BOFIT Viikkokatsaus / BOFIT Weekly Review 2024/08

At the start of February, the International Monetary Fund (IMF) released its Article IV Consultation report for China. The IMF expects China’s GDP growth to slow gradually to around 3 % a year at the end of this decade as economic imbalances continue to widen. The IMF team reiterated China’s urgent need to implement serious structural reforms to improve its growth prospects and confront its economic imbalances. Productivity gains not only demand a reduction in state guidance and the role of state-owned enterprises, but also promotion of market-friendly reforms for business and the financial sector, as well as raising the retirement age. IMF models suggest such reforms could have a substantial positive impact on China’s long-term growth. Important measures to deal with structural imbalances include reducing the need for households to save for a rainy day by improving social safety nets and public services.

The Article IV report and related documents (selected issues) deal extensively with problems in the real estate sector. Among other things, the IMF has made projections for the real estate sector development. According to them, it might take until 2026 before the real estate investment return to (very moderate) growth and that the level of investments will remain far below the all-time highs of 2021. While provincial differences are significant, the construction activity outside Beijing and Shanghai over the next decade is estimated to be well below (by 30–55 %) the levels in 2012–2021. The slowing pace of urbanisation and China’s shrinking population have reduced the need for new construction projects. In addition, the need to replace existing housing has fallen due to substantial state-backed renovation projects during the last decade. Moreover, China’s 2020 census found that already two-thirds of the Chinese population lives in apartments built after 2000. The investment need is further reduced by large stocks of unsold new apartments and unfinished apartment buildings, as well as low occupancy rates in apartments purchased for investment purposes. Uncertainty about house price trends has also depressed available apartment supply and demand. The only trend currently increasing apartment demand is smaller family size.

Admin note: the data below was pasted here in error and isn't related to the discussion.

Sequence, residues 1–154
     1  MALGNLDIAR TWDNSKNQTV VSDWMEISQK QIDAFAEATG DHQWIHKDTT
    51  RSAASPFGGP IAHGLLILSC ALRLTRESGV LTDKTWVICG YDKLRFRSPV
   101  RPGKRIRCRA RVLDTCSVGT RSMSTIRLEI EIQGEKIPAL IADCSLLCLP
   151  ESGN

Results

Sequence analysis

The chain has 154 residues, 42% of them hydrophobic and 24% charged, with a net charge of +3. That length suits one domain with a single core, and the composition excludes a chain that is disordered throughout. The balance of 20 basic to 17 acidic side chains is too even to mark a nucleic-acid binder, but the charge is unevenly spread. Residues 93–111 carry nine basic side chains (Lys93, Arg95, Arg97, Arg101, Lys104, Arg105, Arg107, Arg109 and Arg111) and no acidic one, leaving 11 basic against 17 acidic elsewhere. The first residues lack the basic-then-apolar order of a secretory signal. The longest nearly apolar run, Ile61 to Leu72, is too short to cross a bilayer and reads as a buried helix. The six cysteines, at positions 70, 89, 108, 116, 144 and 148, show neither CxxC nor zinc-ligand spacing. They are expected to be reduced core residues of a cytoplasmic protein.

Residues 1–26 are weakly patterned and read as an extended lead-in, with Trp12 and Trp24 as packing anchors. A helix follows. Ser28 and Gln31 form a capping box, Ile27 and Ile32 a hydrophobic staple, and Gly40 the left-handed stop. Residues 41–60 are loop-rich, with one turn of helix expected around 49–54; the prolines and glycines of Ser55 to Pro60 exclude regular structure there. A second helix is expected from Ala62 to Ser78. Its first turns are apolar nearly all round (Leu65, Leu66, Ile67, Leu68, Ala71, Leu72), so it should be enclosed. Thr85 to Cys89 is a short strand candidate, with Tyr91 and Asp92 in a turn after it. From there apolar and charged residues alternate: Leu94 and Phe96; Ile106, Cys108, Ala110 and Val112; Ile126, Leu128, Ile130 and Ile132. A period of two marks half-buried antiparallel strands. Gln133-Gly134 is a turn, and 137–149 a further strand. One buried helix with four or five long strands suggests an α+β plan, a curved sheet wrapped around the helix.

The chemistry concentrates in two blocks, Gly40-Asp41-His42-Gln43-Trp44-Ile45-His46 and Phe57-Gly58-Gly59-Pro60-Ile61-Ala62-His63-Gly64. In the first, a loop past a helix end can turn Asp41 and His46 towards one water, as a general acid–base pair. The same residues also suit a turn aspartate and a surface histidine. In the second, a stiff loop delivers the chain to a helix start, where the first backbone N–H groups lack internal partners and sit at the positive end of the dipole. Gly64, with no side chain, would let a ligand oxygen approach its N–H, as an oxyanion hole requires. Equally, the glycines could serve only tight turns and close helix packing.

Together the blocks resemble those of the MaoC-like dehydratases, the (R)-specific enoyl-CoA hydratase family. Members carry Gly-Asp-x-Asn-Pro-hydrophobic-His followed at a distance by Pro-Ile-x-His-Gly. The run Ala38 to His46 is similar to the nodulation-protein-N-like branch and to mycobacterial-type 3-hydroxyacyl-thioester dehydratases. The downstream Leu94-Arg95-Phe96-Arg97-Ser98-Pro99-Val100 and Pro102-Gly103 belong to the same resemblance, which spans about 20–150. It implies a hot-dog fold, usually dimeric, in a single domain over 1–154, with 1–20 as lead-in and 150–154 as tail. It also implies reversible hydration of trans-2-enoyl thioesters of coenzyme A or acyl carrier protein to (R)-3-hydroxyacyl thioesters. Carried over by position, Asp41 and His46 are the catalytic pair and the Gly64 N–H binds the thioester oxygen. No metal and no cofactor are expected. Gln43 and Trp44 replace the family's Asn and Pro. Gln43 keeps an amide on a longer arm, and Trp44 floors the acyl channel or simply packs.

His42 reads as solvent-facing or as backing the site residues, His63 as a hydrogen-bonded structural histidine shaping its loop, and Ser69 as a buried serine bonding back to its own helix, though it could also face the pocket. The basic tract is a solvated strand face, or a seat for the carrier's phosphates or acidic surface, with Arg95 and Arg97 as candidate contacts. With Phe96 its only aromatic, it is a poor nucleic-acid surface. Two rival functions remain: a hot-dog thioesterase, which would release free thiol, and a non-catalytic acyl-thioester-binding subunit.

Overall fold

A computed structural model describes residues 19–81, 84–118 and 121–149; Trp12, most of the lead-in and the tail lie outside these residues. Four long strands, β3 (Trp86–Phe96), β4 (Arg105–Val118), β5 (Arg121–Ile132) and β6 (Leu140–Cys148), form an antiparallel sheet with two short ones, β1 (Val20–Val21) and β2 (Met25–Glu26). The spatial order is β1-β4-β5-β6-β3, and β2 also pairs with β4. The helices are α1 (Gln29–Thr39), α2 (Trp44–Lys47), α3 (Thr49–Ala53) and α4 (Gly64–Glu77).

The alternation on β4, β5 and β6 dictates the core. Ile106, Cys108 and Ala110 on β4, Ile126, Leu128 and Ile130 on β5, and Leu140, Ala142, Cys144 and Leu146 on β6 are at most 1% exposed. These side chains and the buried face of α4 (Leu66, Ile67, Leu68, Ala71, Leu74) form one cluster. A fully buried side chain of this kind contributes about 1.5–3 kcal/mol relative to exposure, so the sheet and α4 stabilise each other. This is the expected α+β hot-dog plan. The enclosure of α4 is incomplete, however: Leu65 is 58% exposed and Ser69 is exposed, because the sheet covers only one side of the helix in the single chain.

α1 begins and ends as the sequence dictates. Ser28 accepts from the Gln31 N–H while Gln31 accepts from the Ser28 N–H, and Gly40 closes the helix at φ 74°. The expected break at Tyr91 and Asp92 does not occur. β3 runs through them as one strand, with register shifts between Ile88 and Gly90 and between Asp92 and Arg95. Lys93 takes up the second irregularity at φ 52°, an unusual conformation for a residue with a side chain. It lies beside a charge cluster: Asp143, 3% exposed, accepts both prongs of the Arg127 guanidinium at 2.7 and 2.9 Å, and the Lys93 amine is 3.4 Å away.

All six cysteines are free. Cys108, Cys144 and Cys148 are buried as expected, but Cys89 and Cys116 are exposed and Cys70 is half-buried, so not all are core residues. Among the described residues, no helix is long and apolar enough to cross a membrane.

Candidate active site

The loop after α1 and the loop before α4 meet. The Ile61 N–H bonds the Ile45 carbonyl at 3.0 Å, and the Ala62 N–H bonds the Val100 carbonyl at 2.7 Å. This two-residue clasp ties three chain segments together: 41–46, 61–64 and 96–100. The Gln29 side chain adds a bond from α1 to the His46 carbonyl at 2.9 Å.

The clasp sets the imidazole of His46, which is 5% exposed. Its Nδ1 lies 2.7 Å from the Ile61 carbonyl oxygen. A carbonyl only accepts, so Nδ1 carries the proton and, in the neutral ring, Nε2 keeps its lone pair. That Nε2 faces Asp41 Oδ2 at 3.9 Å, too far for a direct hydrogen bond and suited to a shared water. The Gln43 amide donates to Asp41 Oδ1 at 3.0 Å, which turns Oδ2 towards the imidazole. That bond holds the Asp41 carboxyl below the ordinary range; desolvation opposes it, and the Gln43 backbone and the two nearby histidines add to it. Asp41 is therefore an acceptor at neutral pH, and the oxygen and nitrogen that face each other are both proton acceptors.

The IMF also addresses the sustainability of public finances, particularly those of local governments. Last year’s government augmented deficit (central government and local governments), including debt incurred by off-budget local government financial vehicles (LGFVs), stayed around 14 % of GDP. According to IMF calculations, augmented debt in total now equals about 116 % of GDP. The IMF believes it is necessary for China to begin to “deleverage” its public economy. Immediate measures should include reducing the volume of local government off-budget investment projects and raising China’s extremely modest income tax. Although the IMF currently expects balances of local government off-budget activities to shrink slightly due to increasingly tight financing constraints, local governments still face a massive debt burden in coming years as the needs of the ageing population raise public spending pressure. The IMF projects China’s ratio of government debt to GDP to increase by roughly 5 percentage points a year.

IMF estimates of China’s government deficit and augmented debt
Sources: IMF and BOFIT.

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